What Is Domestic Violence by Strangulation?
The state of Florida recognizes a variety of offenses related to domestic violence, each one with its own definitions and penalties. "Strangulation" is defined as the reduced flow of air or blood due to an intentional external compression of the neck or throat. You may either be accused of manual strangulation (using your hands) or using a ligature (such as a rope) to compress the victim’s airway or blood vessels.
To prove Domestic Battery by Strangulation under Florida Law, the prosecution must show that you:
- Intentionally and knowingly impeded the blood circulation or normal breathing of another person against their will
- Applied pressure on the neck or throat of another person or blocked off their nose or mouth
- Risked or caused great bodily harm by impeding someone’s breathing or circulation
- Committed an act of strangulation against a family member, household member, or dating partner
How Does Strangulation Affect a Domestic Violence Case?
Domestic Violence by Strangulation is an entirely separate criminal offense from regular Domestic Violence. As a form of Domestic Violence Battery, your case will likely be assigned to a specific division that only handles domestic violence charges.
Strangulation accusations can also lead to:
- Pre-trial conditions. Due to the high risk of injuries and fatalities in these cases, the State may try to restrict your movements before your case goes to trial.
- Higher penalties. Prosecutors fight aggressively against defendants accused of Domestic Violence Battery, pushing for jail sentences and long probations even for first-time offenders.
- Upgraded charges. If the alleged victim suffered significant injuries from strangulation, a prosecutor might charge the crime as attempted murder.
Penalties for Domestic Violence by Strangulation in Florida
Domestic Battery by Strangulation is charged as a third-degree felony and carries a significant jail sentence. In comparison, Domestic Violence Battery that doesn’t involve strangulation is a first-degree misdemeanor punishable by up to 12 months of probation.
If you are convicted or plead guilty to the offense, you could be facing:
- Up to five years in a Florida state prison
- Up to five years of probation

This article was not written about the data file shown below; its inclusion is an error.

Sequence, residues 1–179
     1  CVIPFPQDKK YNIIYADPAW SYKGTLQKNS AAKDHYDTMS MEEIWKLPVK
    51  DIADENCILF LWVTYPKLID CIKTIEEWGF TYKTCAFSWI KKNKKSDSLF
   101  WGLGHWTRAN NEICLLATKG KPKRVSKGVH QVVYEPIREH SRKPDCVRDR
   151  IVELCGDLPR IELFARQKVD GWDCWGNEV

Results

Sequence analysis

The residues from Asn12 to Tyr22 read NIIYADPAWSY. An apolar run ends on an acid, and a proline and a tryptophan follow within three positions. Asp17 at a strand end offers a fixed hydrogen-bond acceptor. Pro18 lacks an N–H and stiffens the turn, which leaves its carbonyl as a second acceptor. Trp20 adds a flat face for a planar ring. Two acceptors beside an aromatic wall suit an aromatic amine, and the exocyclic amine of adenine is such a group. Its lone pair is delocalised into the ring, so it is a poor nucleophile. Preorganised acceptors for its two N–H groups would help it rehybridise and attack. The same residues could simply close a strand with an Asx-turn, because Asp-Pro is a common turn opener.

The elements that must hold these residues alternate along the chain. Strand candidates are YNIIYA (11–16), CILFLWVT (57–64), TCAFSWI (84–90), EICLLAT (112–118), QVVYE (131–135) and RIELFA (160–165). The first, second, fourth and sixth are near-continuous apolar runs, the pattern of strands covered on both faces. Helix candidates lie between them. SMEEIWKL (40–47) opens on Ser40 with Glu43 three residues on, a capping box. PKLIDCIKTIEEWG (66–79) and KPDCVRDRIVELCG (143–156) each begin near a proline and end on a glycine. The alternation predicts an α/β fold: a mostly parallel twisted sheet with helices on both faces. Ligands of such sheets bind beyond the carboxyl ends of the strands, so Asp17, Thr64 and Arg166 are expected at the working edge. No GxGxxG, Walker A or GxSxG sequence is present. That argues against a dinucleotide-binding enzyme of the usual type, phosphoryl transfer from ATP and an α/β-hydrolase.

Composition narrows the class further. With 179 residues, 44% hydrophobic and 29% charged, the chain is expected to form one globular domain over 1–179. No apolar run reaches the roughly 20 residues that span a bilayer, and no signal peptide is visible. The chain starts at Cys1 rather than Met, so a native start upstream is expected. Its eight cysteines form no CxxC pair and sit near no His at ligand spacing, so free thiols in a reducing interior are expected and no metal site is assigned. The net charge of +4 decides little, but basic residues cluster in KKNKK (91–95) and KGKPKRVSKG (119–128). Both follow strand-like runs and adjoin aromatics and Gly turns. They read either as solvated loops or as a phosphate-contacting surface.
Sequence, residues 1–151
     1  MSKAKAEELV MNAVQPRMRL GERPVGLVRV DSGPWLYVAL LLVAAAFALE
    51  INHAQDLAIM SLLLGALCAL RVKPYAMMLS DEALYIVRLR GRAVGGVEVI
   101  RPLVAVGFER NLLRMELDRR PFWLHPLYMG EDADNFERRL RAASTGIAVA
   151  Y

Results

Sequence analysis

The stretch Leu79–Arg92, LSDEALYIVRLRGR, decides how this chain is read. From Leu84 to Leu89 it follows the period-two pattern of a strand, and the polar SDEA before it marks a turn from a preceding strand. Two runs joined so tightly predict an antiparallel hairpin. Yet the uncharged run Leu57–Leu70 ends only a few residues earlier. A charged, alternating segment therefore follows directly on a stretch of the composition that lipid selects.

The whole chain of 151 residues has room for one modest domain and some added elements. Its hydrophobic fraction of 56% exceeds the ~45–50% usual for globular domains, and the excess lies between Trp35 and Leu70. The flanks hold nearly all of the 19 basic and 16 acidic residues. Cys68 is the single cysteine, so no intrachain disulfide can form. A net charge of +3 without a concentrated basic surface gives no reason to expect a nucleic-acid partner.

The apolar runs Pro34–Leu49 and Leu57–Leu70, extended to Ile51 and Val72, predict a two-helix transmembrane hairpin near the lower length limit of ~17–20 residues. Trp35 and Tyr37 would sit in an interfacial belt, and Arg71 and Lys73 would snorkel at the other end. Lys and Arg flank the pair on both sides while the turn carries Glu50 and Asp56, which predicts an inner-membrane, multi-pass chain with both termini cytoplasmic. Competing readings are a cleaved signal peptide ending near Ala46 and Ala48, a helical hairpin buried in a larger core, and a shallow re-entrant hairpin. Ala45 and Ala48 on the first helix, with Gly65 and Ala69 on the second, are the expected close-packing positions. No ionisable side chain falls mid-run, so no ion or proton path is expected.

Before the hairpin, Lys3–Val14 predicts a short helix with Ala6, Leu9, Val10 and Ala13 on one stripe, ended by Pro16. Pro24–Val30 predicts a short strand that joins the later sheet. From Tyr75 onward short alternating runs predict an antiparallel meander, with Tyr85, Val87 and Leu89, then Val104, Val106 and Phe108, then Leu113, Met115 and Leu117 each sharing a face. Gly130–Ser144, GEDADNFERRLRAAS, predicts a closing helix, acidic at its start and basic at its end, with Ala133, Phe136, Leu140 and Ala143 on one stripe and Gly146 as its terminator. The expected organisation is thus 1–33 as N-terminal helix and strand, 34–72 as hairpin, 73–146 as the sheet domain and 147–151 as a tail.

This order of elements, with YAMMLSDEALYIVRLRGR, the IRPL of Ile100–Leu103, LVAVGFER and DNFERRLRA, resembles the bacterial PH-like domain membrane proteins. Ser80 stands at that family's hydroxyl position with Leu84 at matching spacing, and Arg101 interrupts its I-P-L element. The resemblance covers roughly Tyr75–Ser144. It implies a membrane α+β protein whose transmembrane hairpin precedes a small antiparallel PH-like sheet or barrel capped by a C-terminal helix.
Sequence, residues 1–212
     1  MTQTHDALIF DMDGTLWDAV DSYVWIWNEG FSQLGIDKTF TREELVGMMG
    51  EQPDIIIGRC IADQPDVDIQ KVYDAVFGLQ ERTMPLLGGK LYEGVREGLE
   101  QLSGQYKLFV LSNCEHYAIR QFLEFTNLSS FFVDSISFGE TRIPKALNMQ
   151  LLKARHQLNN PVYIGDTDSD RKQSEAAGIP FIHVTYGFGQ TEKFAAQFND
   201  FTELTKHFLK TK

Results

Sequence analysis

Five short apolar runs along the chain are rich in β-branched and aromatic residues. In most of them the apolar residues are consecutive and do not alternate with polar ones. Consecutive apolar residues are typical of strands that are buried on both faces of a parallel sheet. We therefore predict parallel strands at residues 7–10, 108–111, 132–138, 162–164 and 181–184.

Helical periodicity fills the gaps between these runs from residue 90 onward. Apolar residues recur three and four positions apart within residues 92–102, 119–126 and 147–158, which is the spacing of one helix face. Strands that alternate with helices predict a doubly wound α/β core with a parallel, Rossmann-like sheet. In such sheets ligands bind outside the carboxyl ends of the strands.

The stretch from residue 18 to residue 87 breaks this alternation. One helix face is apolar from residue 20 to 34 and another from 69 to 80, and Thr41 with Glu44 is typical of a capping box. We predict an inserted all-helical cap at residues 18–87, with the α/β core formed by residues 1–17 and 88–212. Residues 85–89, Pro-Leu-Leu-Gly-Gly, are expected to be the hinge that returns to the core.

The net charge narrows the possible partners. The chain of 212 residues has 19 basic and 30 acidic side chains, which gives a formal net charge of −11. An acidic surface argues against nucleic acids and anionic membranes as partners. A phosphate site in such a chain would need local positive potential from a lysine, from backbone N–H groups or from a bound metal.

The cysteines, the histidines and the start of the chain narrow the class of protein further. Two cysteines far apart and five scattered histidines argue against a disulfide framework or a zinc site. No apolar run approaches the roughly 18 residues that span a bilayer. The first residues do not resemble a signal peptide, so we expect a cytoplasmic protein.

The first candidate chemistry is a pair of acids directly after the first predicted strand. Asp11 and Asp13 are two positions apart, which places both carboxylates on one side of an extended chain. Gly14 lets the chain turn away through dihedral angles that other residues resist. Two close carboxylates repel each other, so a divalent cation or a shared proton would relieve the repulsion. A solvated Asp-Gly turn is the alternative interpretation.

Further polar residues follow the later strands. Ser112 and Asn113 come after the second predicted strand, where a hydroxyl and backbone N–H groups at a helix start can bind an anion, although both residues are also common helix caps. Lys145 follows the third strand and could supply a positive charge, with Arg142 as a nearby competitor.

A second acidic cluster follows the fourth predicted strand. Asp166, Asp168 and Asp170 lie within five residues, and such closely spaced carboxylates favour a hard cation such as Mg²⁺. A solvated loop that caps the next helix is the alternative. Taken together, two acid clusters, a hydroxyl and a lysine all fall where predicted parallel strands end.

- A fine of up to $5,000
- Mandatory completion of a Batterer’s Intervention Program lasting 29 weeks
- Inability to possess a firearm or ammunition while on probation
- Permanent loss of any concealed weapons permits
- Protection orders barring you from going back to your home or making contact with your children or the alleged victim
- Inability to seal or expunge the offense from your criminal record
Are There Any Defenses Available to Strangulation Charges?
Depending on the circumstances of the incident, there could be several defenses to a charge of Domestic Battery by Strangulation. Common defenses include:
- You were acting in self-defense or defending someone else from being attacked
- The alleged victim is making a false allegation due to hurt feelings, divorce proceedings, spite, or other reasons
- The alleged victim’s injuries were caused by something or someone else
- Your actions that gave rise to the charges were unintentional
- The alleged victim suffered minor injuries that don’t meet the standard of Domestic Battery by Strangulation
Let Us Help Build Your Best Defense
If you think you may be facing a charge of Domestic Violence by Strangulation in Florida, you should speak to a board-certified criminal trial attorney as soon as possible. At Flaherty and Merrifield, we offer free consultations and convenient payment plans to give all defendants a chance to get justice. Call (850) 403-6835 today or fill out our contact form to learn more.